The Apple Watch Series 9 and the Watch Ultra 2 were announced at the Wonderlust event on September 17, 2023, and they came with a new feature that caught everyone’s attention: the Double Tap gesture. This gesture allows users to control their smartwatches by tapping their index finger and thumb together on the same hand that wears the watch. The gesture can be used to perform various actions, such as accepting or ending a call, switching between apps, or scrolling through menus.
The Double Tap gesture is powered by the new S9 processor, which has a dedicated Neural Engine for machine learning tasks. Apple claims that this gesture is exclusive to the Series 9 and Ultra 2 models, and that it cannot work on older Apple Watches.
How is the Double Tap gesture different from previous gestures?
The Apple Watch has supported some gestures for a long time, such as raising or twisting the wrist to wake up the display, or covering the screen with the palm to mute notifications. However, these gestures are limited in functionality and often unreliable.
The Double Tap gesture is more advanced and versatile, as it can be mapped to different actions depending on the context. For example, in the Phone app, it can be used to answer or hang up a call, while in the Music app, it can be used to play or pause a song. The gesture can also be customized by the user to suit their preferences.
Moreover, the Double Tap gesture is integrated with the new Smart Stack feature in watchOS 10, which enables users to quickly access their favorite apps. By double tapping, users can switch between apps without touching the screen or using the Digital Crown.
Why is the Double Tap gesture important for smartwatch users?
The Double Tap gesture is designed to make using the Apple Watch more convenient and intuitive, especially in situations where the other hand is occupied or touching the screen is difficult. For instance, users can double tap to accept a call while driving, or to dismiss an alarm while holding a baby. The gesture can also be useful for people with disabilities or special needs, who may find it hard to use the touchscreen or the buttons.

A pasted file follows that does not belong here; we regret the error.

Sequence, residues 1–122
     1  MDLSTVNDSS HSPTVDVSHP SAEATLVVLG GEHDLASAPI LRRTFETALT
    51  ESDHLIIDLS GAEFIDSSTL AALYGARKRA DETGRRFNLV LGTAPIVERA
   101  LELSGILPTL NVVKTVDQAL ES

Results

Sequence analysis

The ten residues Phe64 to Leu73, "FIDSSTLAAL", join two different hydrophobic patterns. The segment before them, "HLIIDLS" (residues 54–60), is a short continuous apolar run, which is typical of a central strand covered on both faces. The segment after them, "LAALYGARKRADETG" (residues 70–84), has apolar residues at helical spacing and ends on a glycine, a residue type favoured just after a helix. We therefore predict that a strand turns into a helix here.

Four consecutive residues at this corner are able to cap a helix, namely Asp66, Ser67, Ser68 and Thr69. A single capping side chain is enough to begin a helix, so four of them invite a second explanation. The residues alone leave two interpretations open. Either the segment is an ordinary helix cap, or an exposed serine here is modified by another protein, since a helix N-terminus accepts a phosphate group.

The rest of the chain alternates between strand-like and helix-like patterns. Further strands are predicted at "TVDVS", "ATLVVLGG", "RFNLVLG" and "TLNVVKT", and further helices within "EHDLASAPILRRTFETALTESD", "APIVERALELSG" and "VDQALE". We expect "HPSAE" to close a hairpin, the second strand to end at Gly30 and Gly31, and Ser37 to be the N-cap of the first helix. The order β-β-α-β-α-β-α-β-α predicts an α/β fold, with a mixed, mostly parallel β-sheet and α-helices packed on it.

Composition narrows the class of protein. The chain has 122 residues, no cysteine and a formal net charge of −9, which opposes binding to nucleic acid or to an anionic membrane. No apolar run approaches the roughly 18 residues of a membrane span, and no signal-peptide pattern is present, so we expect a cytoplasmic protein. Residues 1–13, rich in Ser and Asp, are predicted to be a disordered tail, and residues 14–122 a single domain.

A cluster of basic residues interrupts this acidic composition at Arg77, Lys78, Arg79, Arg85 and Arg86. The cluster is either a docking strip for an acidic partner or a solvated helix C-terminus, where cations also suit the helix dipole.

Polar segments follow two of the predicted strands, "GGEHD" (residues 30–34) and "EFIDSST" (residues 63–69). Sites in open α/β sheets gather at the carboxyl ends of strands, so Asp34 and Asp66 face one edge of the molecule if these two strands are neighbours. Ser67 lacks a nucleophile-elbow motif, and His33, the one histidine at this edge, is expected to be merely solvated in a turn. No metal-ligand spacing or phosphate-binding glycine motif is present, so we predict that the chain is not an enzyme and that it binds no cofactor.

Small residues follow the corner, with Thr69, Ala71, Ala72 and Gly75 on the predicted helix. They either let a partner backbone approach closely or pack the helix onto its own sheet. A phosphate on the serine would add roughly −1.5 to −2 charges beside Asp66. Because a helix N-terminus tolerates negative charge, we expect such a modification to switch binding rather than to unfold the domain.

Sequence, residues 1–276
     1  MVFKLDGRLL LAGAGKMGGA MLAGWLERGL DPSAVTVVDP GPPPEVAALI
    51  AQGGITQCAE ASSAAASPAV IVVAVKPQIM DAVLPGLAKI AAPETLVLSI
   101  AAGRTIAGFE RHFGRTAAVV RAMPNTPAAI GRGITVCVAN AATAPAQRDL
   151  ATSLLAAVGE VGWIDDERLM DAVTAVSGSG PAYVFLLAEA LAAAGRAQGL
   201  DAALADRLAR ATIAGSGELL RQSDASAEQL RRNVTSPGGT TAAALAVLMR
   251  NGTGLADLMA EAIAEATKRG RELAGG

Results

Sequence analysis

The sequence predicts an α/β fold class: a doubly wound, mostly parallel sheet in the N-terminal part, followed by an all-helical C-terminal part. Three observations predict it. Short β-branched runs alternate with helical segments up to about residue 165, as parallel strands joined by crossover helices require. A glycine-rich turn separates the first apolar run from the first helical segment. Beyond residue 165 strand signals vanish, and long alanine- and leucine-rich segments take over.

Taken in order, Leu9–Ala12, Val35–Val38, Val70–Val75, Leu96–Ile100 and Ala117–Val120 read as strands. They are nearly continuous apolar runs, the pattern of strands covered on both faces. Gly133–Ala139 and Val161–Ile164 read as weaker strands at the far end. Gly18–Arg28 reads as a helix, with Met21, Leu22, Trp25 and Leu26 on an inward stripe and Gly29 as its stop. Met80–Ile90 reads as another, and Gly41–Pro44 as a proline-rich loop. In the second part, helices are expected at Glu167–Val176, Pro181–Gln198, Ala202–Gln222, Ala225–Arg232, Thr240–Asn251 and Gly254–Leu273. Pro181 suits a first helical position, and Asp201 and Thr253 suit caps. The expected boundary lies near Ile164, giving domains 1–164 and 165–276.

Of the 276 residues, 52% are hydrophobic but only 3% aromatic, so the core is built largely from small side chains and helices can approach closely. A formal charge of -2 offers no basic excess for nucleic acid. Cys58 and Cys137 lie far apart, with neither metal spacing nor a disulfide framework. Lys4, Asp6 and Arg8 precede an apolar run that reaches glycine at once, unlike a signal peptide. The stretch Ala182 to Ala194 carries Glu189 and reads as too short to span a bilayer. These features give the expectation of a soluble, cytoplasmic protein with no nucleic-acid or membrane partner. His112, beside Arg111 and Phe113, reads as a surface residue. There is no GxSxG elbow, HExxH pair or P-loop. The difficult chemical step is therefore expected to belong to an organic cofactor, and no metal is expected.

The Double Tap gesture is also a way of enhancing the user experience and making it more engaging. By using gestures, users can interact with their smartwatches in a more natural and fun way, rather than relying on traditional inputs. The gesture can also create a sense of connection and personalization between the user and the device.
Is Apple the first to introduce hand gestures for smartwatches?
While Apple may have made a big deal out of the Double Tap gesture at its event, hand gestures for smartwatches are not a new concept. In fact, Apple itself has been experimenting with gestures for its accessibility features for years.
The Assistive Touch option in watchOS allows users to control their smartwatches using hand gestures such as clenching or tapping their fingers. This option was introduced in watchOS 8 in 2021, and it works on older Apple Watch models as well.
Other companies have also explored gestures for smartwatches in the past. For example, Google and LG collaborated on a project called Soli, which used a radar chip inside a Wear OS smartwatch to detect hand movements. This project was announced in 2016, but it never became commercially available.
Another example is Huawei, which launched its Watch 3 in China in 2021 with gesture control features. Users could swipe their hand over the watch to scroll through menus, or pinch their fingers to zoom in or out.
What does the future hold for gestures and smartwatches?
The Double Tap gesture is just one of the many ways that smartwatches can be controlled using gestures. As technology advances and sensors become more accurate and responsive, we can expect to see more gestures being added to smartwatches in the future.
Gestures can offer more possibilities and flexibility for smartwatch users, as they can enable new functions and interactions that are not possible with traditional inputs. Gestures can also make smartwatches more accessible and inclusive for people with different abilities and preferences.
However, gestures also have some challenges and limitations that need to be addressed. For instance, gestures may not always be recognized correctly by the device, or they may interfere with other actions or devices nearby. Gestures may also require some learning and adaptation from users, as they may not be intuitive or familiar for everyone.
Therefore, gestures should not replace other inputs entirely, but rather complement them and offer more choices for users. Gestures should also be designed carefully and thoughtfully, taking into account user feedback and preferences.